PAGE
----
Toe to toe. Nose to nose. Two honr’y gospel gunslingers, giants in the new Christian faith, faced off over John Mark, the Kid. Their biting, sharp words stung and scarred these two gutsy preachers. Paul and Barnabas were the big guns that launched Christianity throughout Asia Minor. After their nasty split, they never teamed up again. (Acts 15:36-41).

Young John Mark, Barnabas’ cousin (Colossians 4:10) tagged along on Paul's first missionary journey. When the going got tough, Mark wimped out and headed back to Jerusalem. Lions, tigers & bears, oh my! Perga, on the Pamphylian coast, was known for its unhealthy climate and marshes, and the trio did not hang around for long. John Mark ran home to Mama in Jerusalem, while Barnabas and Paul moseyed up the grueling trek northward into the Pisidian highlands to Antioch. These badlands beyond the western edge of the Taurus Mountains were nasty, often filled with banditos. Crusty Paul thought John Mark was a weakling who deserted the duo in their hour of greatest need.

Looking back, the old preacher scrawled his memories about segments of this journey when he described dangers he fought while traveling (for example, 2 Cor. 11:26, “danger from rivers, danger from robbers, … danger in the wilderness”). Even when Barnabas Cassidy and Sundance Saul preached in Antioch, Paul found such intense Jewish opposition to the gospel that he determined to turn his message toward the Gentiles (Acts 13:46).

Paul and Barnabas’ famous spat in Acts 15:36-41 is legendary. How could these two great men of God split up? Didn’t it hurt the ministry and the testimony of the early church?

 

Time passed. Barnabas wanted to give his kin a second chance to join Paul on his second missionary journey. The roughshod evangelist would not hear of it! Years earlier, it was Barnabas (whose name means “encourager”) that convinced the Christians at the First Baptist Church of Jerusalem to accept slimy Saul of Tarsus, the known Jewish assassin, as a genuine believer (Acts 9:26). Did Paul fail to remember that he once needed grace as well?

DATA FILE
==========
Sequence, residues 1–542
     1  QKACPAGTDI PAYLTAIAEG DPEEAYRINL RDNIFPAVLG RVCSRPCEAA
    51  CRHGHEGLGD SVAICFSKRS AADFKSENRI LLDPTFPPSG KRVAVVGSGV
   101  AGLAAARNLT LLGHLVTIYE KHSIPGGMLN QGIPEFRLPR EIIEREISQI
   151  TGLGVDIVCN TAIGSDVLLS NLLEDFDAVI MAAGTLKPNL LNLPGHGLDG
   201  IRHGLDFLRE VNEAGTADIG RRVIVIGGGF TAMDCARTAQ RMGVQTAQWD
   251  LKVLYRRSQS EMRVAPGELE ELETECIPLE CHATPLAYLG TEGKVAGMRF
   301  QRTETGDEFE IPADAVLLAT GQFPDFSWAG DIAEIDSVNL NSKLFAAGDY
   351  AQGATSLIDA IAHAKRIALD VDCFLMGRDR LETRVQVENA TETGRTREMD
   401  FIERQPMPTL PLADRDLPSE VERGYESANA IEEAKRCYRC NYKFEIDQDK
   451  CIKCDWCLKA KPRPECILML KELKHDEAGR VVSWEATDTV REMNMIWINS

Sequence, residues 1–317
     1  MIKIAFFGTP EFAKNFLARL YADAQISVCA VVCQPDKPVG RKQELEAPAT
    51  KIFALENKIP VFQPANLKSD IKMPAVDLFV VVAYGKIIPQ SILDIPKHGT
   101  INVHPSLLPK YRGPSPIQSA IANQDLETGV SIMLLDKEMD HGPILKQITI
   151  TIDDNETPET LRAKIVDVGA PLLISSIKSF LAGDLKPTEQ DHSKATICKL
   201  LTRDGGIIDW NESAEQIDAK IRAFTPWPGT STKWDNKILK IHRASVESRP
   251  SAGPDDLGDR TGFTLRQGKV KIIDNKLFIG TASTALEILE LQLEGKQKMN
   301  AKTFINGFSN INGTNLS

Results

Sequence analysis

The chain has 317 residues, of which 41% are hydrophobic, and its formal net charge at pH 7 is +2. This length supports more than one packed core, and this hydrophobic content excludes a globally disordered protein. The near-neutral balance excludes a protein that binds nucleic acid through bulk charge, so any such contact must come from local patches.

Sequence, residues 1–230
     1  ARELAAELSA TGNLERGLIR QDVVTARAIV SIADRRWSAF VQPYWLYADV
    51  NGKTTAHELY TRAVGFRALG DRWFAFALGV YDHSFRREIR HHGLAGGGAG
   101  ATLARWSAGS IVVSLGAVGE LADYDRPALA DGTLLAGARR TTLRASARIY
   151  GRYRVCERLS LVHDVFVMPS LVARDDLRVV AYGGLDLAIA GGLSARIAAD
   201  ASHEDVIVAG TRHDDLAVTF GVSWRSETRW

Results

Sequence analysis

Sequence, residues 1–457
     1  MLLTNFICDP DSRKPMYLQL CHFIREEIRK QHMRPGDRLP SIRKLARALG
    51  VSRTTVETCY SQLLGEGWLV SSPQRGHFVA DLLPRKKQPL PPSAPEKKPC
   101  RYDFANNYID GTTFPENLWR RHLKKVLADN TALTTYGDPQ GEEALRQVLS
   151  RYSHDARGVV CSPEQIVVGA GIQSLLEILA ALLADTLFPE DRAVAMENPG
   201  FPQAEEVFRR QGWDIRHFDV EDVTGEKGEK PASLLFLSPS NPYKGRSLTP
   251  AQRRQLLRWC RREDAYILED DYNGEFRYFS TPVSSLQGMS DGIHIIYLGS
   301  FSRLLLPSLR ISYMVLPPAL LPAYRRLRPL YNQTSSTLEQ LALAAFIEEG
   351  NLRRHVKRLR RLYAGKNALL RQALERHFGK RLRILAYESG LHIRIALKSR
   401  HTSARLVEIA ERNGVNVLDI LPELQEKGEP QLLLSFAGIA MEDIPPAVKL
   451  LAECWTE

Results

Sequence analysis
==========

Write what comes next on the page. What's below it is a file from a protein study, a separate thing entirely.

Barnabas took John Mark under his wing and continued to minister to the churches. Big-hearted Barney didn’t give up on his cousin. Though he was a slow-starter, Barney’s encouragement paid off. John Mark wrote the gritty New Testament gospel of Mark. Most Bible scholars consider it to be the first of the four gospels. This page-turner is an action-packed, powerful picture of Jesus’ ministry. After John Mark’s stint with his cousin, the boy grew into a man. Mark, a bigger, braver preacher, became a part of the Apostle Peter's powerful posse for awhile. History records that John Mark is the one who took Christianity to Egypt and started churches there.

 

Years later, old Paul finds the formerly worthless Mark “useful,” as revealed in the apostle’s concluding epistle. “Get Mark and bring him with you, for he is useful to me for ministering” (2 Timothy 4:11). Most people look at the “parting of the ways” between these two great Christian leaders as a falling out that grieved God and hurt the ministry. Instead, the ministry of the two great preachers was multiplied. Paul took Silas on his second missionary journey, and remarkable young Timothy joined them in Lystra.

 

Sometimes even the most mature Christians will disagree. Don’t become disillusioned. Don’t quit. Be a peacemaker. Look at the big picture. Keep focused on doing the will of Christ. Paul and Barnabas didn’t let their “parting of the ways” deter their ministries. As a result, perhaps even more work was accomplished for the Lord in spite of the fight.

 

Do you know someone who needs a second chance? You can be a Barnabas today! Give grace, acceptance and forgiveness and see what God will do.